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Corel paints rosier future

The software maker lays out a back-to-basics plan that its executives assert will return the struggling company to profitability by September.

Corel has laid out a back-to-basics plan that its executives assert will return the struggling software maker to profitability by September at the latest.

Chief Executive Derek Burney outlined Corel's corporate strategy at a press conference Tuesday in Ottawa, Canada.

Burney said Corel plans to refocus on its core businesses--namely, the WordPerfect Office desktop suite, the CorelDraw drawing program, and other future "creative" products, especially for the Apple Macintosh market.

"We're not going to go into a head-to-head battle with Microsoft Office," Burney said. "We are changing the rules of the game."

To Corel, this means trying to convince its existing WordPerfect Office customers to upgrade, Burney said, rather than to convert new customers from Microsoft Office.

The Microsoft Office desktop suite has more than 90 percent of the market share among Windows customers, according to market researchers.

Burney ackowledged that many of Corel's WordPerfect Office customers have not upgraded over the past four years. By offering WordPerfect Office 2002, which is due to ship before the end of 2001, and by incorporating Microsoft's core .Net framework technologies into future WordPerfect Office versions, Corel "will give them a reason" to upgrade, Burney said.

Corel also is planning to cut the number of WordPerfect Office packages it offers from 30 to four, Burney said. It will do this by eliminating international language versions of the product and focusing exclusively on English, except for one French Canadian version developed for the Canadian government.

Corel also plans to sell off its Linux operating system business, Burney said, though it will retain an interest of an unspecified amount in that business.

"To realize this vision and boost the value of our existing Linux equity for shareholders and customers, we are pursuing opportunities that would allow us to spin off the Linux distribution element of our Linux division, with the intention of retaining an interest in the prospective company," Burney said in a letter to shareholders.

Corel is close to finishing a deal with Linux Global Partners, a New York holding company that is expected to buy 80 percent of Corel's Linux business for $5 million and allow Corel to hold the remaining 20 percent, according to sources. Details of that deal are not expected to be announced for another month or so, sources said.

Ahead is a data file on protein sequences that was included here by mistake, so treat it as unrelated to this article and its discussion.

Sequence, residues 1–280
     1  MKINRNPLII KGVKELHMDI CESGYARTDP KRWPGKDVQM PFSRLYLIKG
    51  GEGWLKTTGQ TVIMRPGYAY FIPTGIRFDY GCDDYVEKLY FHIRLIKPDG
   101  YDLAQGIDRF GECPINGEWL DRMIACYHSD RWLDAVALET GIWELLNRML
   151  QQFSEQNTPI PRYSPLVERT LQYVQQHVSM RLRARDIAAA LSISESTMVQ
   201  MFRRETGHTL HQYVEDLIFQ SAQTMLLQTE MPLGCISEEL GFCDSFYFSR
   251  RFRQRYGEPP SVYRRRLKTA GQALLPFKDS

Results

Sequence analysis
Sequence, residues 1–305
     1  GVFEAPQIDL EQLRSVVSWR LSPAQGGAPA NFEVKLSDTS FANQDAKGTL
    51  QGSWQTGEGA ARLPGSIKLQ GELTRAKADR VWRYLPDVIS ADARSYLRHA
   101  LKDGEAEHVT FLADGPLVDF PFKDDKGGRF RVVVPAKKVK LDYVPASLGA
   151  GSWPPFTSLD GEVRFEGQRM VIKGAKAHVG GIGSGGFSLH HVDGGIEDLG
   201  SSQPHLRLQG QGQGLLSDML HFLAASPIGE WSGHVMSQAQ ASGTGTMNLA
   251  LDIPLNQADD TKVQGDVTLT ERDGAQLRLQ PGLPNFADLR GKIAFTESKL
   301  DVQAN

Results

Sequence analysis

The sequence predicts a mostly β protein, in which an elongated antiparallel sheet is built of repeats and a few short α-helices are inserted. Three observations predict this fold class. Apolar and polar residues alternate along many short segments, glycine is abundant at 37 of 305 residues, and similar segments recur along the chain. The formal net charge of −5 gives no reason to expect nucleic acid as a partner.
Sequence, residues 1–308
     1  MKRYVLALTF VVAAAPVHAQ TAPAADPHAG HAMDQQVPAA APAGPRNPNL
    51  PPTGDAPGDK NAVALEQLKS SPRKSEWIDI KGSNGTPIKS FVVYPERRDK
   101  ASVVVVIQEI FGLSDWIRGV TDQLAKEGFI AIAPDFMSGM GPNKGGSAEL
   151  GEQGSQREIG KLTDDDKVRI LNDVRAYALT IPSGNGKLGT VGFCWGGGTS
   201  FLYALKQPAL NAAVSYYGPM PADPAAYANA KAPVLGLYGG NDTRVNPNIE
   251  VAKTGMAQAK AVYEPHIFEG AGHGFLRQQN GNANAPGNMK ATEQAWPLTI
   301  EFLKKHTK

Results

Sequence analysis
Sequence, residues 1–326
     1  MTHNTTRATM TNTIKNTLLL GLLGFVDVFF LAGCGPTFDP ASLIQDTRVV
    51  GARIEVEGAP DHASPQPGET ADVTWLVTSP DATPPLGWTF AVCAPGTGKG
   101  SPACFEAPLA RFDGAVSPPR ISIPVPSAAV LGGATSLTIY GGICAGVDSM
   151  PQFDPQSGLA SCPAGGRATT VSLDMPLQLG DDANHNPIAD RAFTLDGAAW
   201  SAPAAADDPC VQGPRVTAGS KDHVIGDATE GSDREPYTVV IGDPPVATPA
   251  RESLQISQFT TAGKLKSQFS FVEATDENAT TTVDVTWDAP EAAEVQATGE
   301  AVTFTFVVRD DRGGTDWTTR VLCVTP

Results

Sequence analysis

Corel sells a version of the Debian Linux distribution, which the company calls Corel Linux and which is aimed at desktop computer owners.

In addition to counting on WordPerfect Office to fuel growth, Corel is betting heavily on its so-called creative product family to boost revenues. Burney is predicting 30 percent growth, compounded annually over the next three years, for such products. He predicted Corel's creative product revenues will double by 2003.

Burney also committed to developing its CorelDraw, Painter, Bryce, KPT and KnockOut masking software for both Mac OS 9 and OS X. He added that Corel is "researching new vertical markets" for its CorelDraw graphics program, but did not offer further specifics.

"We have expanded our commitment to the Mac," Burney said.

Burney has his work cut out for him, analysts have said.

Corel lost $10.7 million, or 15 cents per share, on sales of $36.4 million in the third quarter. The company is scheduled to report fourth-quarter results this week.

Last year, after the exit of CEO Michael Cowpland, Corel cut 320 jobs as part of its effort to return to profitability. In October, the company received a $135 million investment from Microsoft in exchange for Corel's agreement to back the Microsoft .Net software-as-a-service initiative. As part of the terms of that investment, Microsoft dropped pending patent violation legal action against Corel.